Going To Church To Lose Weight
Weight Loss Program in Church
Philadelphia residents will soon be able to monitor their weight loss and get feedback about their progress online from several area churches, which are being equipped with computer stations and trained program counselors.
This community-based weight loss program is part of a four-year study of the prevention and treatment of obesity in high-risk populations led by Temple University School of Medicine, which recently received one of five grants from the Pennsylvania Department of Health.
The research team, led by Temple diabetes expert Guenther Boden, M.D., plans to use the $4.15 million to test whether an Internet-based telemedicine system can help overweight and obese African Americans in the nearby community lose weight.
"Sixty percent of Pennsylvanians are overweight or obese, but what is of even greater concern is that urban, rural and minority populations are disproportionately affected by obesity-related diseases such as diabetes, cardiovascular disease, cancer and osteoarthritis," said Pennsylvania Health Secretary Dr. Calvin Johnson.
For this study, Temple will partner with several African-American churches in North Philadelphia. These churches will act as computer sites where participants can access the study's Web site to update their weight loss progress as well as to access the site's moderated chat rooms, bulletin boards and e-mail.
Furthermore, members of the research team will teach individual church members how to provide counsel to study participants during the program and after it ends.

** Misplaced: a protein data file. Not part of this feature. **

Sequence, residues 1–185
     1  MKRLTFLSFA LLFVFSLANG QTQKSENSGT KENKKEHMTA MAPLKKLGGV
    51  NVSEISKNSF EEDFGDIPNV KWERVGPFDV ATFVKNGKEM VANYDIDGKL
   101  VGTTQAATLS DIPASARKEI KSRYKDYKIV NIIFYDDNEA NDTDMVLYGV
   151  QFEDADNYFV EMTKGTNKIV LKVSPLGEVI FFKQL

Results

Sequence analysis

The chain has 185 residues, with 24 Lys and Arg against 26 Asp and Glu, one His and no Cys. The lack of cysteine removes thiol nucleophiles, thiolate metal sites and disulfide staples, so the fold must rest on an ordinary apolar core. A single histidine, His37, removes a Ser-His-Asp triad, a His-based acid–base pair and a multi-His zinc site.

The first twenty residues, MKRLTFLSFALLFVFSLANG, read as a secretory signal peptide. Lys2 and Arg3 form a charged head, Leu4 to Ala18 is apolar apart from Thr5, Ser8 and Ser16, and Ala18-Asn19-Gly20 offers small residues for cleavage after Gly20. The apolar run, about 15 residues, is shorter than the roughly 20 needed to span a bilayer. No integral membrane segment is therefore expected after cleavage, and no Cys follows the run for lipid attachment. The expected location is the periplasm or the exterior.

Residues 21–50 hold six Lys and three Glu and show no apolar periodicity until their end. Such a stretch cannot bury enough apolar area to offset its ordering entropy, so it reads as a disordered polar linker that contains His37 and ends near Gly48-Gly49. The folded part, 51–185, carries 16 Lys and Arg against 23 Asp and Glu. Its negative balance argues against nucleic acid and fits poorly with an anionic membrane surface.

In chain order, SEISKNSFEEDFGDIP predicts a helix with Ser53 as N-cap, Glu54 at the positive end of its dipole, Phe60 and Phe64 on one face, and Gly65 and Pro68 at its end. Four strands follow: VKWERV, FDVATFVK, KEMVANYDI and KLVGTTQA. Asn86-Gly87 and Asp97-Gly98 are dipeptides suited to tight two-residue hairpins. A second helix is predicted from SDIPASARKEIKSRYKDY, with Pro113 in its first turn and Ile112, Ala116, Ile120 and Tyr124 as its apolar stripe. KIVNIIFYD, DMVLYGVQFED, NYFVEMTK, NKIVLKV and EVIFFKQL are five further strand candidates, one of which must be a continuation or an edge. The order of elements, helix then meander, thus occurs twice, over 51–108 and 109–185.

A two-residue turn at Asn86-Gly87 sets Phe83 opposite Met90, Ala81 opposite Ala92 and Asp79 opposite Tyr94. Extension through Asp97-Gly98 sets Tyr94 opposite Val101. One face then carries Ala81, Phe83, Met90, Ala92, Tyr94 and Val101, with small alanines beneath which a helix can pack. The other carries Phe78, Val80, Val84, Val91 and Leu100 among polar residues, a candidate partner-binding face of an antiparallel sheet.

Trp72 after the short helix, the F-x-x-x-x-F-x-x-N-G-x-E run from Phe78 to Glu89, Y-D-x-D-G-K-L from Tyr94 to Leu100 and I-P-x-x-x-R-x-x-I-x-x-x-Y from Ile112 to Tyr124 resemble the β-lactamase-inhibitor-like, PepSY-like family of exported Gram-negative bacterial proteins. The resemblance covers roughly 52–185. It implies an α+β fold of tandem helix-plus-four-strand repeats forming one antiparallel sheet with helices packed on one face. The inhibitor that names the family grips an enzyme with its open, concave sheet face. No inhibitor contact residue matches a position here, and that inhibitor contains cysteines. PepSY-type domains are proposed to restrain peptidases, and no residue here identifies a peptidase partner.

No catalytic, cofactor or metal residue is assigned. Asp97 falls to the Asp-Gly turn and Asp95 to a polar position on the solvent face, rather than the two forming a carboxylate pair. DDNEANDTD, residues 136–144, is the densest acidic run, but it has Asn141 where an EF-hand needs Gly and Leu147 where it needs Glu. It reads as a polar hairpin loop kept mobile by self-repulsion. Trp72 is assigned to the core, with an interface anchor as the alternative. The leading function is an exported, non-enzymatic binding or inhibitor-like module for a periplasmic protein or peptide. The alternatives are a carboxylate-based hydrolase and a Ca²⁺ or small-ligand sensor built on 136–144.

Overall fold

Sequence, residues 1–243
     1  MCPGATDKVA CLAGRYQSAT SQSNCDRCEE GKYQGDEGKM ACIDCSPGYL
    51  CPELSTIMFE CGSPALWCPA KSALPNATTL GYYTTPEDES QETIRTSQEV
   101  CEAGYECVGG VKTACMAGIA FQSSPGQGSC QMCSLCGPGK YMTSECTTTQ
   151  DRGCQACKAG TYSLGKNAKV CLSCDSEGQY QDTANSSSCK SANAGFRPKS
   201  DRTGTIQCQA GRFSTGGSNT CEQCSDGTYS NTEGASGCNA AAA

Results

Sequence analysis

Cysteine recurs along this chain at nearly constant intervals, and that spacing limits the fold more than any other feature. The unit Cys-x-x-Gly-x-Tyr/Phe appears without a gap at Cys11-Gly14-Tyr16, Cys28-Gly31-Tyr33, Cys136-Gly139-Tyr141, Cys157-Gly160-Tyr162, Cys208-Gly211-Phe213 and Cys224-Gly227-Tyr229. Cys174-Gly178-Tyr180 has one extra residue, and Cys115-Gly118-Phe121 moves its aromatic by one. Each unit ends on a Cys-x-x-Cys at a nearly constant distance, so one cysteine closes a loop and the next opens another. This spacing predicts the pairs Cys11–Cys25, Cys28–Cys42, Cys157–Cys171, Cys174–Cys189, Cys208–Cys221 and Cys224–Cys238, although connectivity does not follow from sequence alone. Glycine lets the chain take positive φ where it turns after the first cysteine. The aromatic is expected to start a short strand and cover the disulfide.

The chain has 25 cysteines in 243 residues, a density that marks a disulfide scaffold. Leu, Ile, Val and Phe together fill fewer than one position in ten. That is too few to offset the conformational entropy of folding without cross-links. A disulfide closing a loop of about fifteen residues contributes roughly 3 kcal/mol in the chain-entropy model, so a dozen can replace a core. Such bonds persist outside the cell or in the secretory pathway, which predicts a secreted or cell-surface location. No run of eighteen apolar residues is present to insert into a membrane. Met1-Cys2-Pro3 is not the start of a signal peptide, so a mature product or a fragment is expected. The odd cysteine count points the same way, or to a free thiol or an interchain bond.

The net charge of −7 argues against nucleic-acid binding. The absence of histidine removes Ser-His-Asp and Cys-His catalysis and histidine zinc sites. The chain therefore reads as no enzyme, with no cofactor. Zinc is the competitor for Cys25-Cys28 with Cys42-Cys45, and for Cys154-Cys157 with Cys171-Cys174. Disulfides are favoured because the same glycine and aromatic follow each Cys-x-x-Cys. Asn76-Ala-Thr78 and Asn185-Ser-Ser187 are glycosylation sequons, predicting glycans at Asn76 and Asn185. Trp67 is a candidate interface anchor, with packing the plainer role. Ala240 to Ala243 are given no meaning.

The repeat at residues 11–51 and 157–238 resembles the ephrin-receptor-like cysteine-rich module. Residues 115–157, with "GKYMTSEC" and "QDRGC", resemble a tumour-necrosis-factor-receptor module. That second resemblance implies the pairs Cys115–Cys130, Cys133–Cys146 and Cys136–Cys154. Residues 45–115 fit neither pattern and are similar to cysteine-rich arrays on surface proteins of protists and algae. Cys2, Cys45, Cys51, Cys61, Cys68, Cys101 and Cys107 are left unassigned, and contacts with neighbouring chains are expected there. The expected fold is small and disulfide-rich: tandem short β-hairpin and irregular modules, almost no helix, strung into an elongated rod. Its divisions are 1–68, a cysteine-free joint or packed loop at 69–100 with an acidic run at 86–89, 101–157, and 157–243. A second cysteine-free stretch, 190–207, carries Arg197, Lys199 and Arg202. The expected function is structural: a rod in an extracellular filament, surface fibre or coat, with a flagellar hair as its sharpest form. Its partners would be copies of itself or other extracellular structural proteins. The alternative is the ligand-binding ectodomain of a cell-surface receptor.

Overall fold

"Sustainability is one of the biggest challenges with weight loss," says Boden, professor of medicine and chief of endocrinology at Temple's School of Medicine and Hospital. "Our system will not only provide an inexpensive way to interact with patients, but also leave an active program in place for the community that will continue once the study is complete."
Temple also will collaborate with area universities and medical centers during the study. Cheyney University of Pennsylvania will conduct a survey of local neighborhoods, restaurants and supermarkets to identify what types of eating and exercise environments the study subjects deal with on a daily basis. This information will be incorporated into a summary for the participants that will include guidance on what to eat, the best places to shop for food and where and how to exercise.
Moreover, Bloomsburg University and Geisinger Medical Center in Danville, Pa., will conduct a similar program with people living in rural areas.
"We understand that both inner-city and rural residents face many of the same socioeconomic obstacles, such as access to treatment and healthcare coverage," said Temple's Carol Homko, Ph.D. "We hope to come away with effective weight loss models that can translate to both populations."